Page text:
South Africa’s current intergovernmental architecture was an important element of the country’s successful post-apartheid transition.
A broadly unitary state, South Africa nonetheless adopted some of the framework and language of a federal system. The Constitution provides for three tiers of government, national, provincial and local, although large parts of the country are effectively governed by traditional authorities operating on the basis of customary law. The state also houses some powerful metropolitan authorities, although their powers are not keeping pace with the challenges of economic development and urbanization.
While its intergovernmental (fiscal) system reflects many good practices, twenty eight years after democratic transition, the architecture of the country’s public sector is showing its limitations. In fact, some would argue that the current model does not seem to be working, as the public sector at different levels is beleaguered by inefficiency and corruption.
However, one of the successful features of multilevel governance in South Africa over the years has been the country’s willingness to question and evaluate the effectiveness of the architecture of the public sector and pursue reforms accordingly (for instance, by pursuing a broad-based amalgamation of local governments in 1996 from 1262 local government bodies into 843 local authorities).
The upcoming Architecture of Government conference (July 5-7, 2022), hosted by the Government and Public Policy think tank, explores the potential configuration of government to realize better a democratic government’s goals. The exploration of this topics in South Africa may not only be of interest to policy practitioners and scholars in South Africa, but to scholars and policy practitioners interested in intergovernmental relations worldwide.
The institutional design of the post-apartheid state was strongly influenced by models from the global North. This conference seeks other ways of organizing a system of government, drawing on experiences from other post colonial societies and elsewhere in the global South. The conference organizers approach the problems of the state from an institutional and administrative perspective and explore the appropriate configuration of government to realize a democratic government’s goals. Although institutional fixes cannot simply be borrowed from different international contexts, practical lessons can be learned about how institutions can be partially remade to serve better as instruments of a constitutional order.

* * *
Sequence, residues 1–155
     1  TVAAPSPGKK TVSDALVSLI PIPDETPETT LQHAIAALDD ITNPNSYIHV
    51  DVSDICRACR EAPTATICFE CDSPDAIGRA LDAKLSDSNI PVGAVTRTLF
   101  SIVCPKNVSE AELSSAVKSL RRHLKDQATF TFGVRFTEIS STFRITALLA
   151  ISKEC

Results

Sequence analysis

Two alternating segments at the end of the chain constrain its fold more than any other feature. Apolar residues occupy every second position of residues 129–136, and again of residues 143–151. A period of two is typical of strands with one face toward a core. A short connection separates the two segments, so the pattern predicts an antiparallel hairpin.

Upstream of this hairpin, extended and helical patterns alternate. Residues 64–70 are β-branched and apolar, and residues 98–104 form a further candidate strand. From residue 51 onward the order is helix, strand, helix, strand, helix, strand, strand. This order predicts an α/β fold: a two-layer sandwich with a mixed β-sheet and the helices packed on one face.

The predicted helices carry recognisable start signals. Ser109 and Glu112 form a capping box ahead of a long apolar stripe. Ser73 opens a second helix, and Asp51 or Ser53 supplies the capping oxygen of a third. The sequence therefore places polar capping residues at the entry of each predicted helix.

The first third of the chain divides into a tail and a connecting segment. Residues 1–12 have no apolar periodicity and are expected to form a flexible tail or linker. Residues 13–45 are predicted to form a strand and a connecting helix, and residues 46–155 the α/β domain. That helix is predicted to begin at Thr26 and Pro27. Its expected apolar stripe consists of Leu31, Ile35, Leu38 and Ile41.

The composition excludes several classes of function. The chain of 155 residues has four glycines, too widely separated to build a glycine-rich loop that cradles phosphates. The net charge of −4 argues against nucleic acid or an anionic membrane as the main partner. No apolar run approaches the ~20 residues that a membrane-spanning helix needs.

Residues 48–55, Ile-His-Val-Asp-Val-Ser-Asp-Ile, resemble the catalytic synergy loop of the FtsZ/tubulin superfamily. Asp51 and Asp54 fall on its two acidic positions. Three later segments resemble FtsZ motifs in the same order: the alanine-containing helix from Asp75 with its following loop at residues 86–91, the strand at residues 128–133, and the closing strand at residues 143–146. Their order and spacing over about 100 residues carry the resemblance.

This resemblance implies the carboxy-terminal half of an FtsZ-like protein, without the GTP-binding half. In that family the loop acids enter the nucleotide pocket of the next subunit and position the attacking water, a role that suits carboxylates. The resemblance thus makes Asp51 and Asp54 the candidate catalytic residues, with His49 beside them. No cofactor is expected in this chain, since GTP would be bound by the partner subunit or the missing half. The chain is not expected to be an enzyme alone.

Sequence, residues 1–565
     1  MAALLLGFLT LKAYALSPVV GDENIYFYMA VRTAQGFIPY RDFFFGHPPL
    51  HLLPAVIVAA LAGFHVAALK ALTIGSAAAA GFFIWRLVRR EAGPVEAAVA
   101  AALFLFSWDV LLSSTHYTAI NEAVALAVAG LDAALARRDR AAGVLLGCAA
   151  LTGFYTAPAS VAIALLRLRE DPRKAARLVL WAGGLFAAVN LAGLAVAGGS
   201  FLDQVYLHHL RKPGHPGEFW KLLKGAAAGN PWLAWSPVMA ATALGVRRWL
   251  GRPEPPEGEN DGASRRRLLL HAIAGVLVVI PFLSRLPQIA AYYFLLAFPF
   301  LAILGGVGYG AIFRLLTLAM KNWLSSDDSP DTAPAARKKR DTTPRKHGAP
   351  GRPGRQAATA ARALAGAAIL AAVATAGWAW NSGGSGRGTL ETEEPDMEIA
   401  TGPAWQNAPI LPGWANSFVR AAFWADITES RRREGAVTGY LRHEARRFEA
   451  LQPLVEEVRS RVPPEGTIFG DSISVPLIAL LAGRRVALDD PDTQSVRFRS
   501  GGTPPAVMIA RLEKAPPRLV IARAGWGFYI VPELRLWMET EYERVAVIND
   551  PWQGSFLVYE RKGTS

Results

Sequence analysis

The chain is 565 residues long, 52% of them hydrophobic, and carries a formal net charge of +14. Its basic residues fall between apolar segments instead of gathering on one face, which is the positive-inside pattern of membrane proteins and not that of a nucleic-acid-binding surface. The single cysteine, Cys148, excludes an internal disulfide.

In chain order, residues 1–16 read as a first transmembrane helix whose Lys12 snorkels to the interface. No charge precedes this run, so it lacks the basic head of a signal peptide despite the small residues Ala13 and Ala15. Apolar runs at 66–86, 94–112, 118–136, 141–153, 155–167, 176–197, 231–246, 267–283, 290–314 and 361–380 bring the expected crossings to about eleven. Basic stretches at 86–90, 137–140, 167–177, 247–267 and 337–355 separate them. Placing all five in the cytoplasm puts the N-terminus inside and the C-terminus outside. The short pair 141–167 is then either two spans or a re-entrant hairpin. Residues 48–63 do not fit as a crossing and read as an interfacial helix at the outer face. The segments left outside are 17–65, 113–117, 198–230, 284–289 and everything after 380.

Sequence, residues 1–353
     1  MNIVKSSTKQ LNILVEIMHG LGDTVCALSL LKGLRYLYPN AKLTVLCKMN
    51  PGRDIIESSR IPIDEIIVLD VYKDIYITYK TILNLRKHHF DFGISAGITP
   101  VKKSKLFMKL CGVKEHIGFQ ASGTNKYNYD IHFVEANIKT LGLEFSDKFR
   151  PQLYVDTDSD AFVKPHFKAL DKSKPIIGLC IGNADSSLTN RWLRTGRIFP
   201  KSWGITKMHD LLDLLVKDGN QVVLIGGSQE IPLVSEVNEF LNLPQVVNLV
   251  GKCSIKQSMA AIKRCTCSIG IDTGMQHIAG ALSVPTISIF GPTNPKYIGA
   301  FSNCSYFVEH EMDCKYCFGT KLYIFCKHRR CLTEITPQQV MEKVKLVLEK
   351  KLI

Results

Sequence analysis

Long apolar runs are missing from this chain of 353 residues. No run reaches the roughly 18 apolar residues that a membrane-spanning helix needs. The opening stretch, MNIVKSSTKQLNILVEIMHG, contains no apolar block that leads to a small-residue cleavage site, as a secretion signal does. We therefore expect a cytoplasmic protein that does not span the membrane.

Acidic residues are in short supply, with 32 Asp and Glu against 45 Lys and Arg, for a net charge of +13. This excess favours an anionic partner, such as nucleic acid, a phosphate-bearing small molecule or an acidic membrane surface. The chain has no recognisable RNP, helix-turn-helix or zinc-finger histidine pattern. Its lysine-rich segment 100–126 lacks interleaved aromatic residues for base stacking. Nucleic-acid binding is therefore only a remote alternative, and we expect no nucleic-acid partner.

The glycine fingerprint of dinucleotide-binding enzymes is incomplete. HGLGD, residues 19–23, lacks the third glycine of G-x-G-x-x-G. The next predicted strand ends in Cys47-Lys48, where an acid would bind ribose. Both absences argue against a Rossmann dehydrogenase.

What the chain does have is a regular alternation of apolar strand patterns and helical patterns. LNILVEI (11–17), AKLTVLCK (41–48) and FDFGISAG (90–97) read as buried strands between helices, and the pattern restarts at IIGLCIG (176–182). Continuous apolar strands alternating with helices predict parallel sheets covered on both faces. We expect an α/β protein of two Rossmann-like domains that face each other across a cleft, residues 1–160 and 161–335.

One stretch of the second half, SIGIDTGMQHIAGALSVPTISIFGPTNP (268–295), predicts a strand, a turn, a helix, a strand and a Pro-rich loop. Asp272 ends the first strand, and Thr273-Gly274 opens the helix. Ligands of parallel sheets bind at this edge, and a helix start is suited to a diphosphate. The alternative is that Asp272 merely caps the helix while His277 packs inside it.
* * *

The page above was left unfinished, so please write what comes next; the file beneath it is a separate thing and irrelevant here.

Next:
Spread out over three days, the conference will be addressed by prominent international scholars, practitioners, and political leaders in the fields of governance, politics, and public policy, among them Achille Mbembe, Trevor Manuel, Angela Stent, Busani Ngcaweni, Yamini Aiyar, Hsu Huang and Omano Edigheji.
Panels discussions include:
- Panel 1: Historical legacies and the architecture of government
- Panel 2: Presidential and semi-presidential leadership in young democracies
- Panel 3: Parties, states, and party-states: the case of China
- Panel 4: Metropolitan governance in Africa
- Panel 5: Fiscal decentralization and local government relations
- Panel 6: Asymmetric decentralization
- Panel 7: Politics of State Reform: Turning Ideas into Action